Mortgage rates rose for the fourth consecutive week

Washington, DC (CNN) Mortgage rates rose for the fourth straight week, as inflation fears persisted.

The average 30-year mortgage rate was 6.65% in the week ended March 2, up from 6.5% in the previous week, according to data from Freddie Mac released Thursday. A year ago, the 30-year fixed interest rate was 3.76%.

Interest rates have been trending lower after hitting 7.08% in November, but are now rising again, up about half a percentage point in a month. The strong economic data continues to suggest that the Fed is not done with its battle to cool the US economy and is likely to continue raising the benchmark lending rate.

“As the year began, 30-year mortgages declined at a steady rate with expectations of lower economic growth, inflation and monetary policy easing,” said Sam Khater, chief economist at Freddie Mac. “However, due to sustained economic growth and continued inflation, mortgage rates have rebounded and gradually increased to around 7%.”

Khater said low prices in January brought buyers back into the market.

“Now that interest rates are going up, affordability is crippling and making it difficult for potential buyers to act, especially for repeat buyers with existing mortgages for less than half of current rates,” he said.

The average mortgage rate is based on the mortgage applications Freddie Mac receives from thousands of lenders across the country. The survey only includes borrowers who have given a 20% decrease and have excellent credit. Many buyers who offer less money up front or have less than ideal credit will pay more than the average price.

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Inflation is expected to remain high for a longer period

The benchmark interest rate has continued to rise, building on the momentum from the past few weeks, with the 10-year Treasury note hitting 4% this week.

The Federal Reserve does not set the interest rates paid by mortgage borrowers directly, but its actions affect them. Mortgage rates tend to track the yield on the 10-year US Treasury note, which moves based on a mix of anticipation about Fed action, what the Fed is actually doing and investor reaction. When Treasury yields rise, so do mortgage rates; When mortgage rates go down they tend to follow.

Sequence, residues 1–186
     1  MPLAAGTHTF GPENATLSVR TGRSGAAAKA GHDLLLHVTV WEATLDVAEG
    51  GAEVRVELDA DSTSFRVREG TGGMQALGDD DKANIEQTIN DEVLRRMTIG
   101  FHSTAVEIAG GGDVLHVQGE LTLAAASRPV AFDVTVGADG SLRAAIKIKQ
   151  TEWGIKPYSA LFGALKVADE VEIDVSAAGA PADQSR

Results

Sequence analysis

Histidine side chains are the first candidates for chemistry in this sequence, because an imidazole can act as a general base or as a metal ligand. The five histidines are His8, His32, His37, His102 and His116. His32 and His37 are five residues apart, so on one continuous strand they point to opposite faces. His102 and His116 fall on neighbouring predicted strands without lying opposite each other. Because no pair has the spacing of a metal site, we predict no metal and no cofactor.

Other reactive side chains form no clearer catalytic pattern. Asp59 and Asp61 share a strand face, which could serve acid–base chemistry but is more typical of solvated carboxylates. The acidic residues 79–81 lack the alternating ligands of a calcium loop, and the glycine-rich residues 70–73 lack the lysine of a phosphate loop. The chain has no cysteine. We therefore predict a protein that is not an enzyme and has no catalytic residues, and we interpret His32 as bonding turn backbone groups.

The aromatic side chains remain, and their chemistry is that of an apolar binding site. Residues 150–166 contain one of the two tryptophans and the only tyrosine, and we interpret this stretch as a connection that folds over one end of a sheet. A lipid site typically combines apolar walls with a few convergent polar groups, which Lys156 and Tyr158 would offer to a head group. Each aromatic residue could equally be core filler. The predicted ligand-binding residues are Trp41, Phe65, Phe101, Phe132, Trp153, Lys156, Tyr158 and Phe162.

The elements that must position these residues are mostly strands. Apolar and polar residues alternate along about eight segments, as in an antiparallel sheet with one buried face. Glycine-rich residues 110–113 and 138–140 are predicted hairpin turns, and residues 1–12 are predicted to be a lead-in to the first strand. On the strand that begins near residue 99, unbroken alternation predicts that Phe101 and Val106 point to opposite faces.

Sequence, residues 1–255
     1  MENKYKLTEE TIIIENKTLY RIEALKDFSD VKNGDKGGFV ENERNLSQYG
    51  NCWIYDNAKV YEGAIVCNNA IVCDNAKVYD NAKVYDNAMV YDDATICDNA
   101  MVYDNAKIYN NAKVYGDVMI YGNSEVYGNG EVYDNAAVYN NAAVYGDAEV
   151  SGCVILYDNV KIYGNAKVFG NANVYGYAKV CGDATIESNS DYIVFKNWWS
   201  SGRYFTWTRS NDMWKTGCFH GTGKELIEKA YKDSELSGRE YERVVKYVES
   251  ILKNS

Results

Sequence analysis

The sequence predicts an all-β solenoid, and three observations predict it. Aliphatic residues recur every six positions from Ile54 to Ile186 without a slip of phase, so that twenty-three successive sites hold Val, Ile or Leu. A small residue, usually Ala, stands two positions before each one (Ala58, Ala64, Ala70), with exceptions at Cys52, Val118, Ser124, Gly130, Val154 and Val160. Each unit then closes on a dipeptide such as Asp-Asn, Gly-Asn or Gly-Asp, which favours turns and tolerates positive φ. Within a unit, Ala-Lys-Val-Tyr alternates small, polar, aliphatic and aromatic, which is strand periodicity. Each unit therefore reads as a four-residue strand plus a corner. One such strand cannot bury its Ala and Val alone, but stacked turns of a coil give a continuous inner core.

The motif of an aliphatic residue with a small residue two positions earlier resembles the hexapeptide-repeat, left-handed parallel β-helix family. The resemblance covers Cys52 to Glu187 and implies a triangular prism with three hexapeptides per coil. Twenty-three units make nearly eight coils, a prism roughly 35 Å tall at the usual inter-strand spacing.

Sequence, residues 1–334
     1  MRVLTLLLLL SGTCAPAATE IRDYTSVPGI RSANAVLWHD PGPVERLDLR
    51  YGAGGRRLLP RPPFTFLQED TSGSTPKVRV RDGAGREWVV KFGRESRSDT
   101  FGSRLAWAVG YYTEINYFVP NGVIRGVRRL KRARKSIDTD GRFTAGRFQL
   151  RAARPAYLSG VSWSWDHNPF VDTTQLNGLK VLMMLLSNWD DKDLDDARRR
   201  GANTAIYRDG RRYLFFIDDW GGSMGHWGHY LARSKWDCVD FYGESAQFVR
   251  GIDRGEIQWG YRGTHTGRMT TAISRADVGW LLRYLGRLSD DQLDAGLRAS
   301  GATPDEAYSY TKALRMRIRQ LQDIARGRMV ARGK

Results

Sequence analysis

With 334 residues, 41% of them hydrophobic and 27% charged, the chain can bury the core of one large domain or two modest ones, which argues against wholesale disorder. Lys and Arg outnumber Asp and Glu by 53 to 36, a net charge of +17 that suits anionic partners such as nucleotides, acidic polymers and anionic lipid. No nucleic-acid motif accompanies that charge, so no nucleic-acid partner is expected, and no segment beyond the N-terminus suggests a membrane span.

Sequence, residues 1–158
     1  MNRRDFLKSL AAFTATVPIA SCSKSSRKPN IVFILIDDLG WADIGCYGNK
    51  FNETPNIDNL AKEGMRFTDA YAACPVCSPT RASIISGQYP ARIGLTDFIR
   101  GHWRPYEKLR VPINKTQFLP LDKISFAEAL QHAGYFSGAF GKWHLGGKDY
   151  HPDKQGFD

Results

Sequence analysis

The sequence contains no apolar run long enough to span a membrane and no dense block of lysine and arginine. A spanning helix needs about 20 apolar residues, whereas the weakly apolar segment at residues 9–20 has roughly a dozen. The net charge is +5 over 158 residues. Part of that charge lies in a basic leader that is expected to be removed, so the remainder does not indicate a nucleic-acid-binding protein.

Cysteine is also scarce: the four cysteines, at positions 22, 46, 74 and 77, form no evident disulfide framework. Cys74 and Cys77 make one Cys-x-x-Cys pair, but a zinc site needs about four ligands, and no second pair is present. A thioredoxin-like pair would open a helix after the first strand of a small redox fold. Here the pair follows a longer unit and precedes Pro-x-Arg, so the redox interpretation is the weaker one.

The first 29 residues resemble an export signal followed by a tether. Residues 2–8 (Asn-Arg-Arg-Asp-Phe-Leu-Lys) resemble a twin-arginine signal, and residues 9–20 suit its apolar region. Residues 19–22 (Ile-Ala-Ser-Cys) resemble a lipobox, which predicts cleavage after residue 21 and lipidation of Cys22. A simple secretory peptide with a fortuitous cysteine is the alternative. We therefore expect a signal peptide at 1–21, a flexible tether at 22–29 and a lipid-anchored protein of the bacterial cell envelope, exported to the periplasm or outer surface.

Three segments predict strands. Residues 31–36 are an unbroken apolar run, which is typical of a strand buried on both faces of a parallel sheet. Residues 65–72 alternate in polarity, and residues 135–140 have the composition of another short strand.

“Investors expect inflation to remain elevated for longer, which requires the Federal Reserve to continue to increase its policy rate,” said George Ratiu, chief economist at Realtor.com. “The Fed has indicated that it sees its monetary tightening as having an impact on price growth, but with a strong labor market, wages are keeping consumer spending in check.”

Meanwhile, Ratiu said, consumers have taken on a record amount of debt, including mortgages, personal loans, auto and student loans.

“The personal savings rate has fallen significantly from the pandemic’s high level, as high prices have squeezed household budgets,” he said. “As interest rates rise, financial burdens are expected to increase, making consumer choices more difficult in the coming months.”

Mortgage applications go down as rates go up

The brief boost in mortgage activity and home buying ended in January as interest rates fell, with mortgage applications last week dropping to a 28-year low, according to the Mortgage Bankers Association.

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“The recent jump in mortgage rates has led to a decline in purchase orders, with activity declining for three consecutive weeks,” said Bob Proxmiet, CEO of MBA. “After strong gains in buying activity beginning in 2023, rising rates, persistent inflationary pressures and economic volatility have stopped some potential homebuyers when entering the housing market.”

Ratiu said prices are trending higher and could reach 7% again in the next two months.

“For real estate markets, higher interest rates mean higher mortgage payments, deepening the affordability challenge as we move into the spring homebuying season.”

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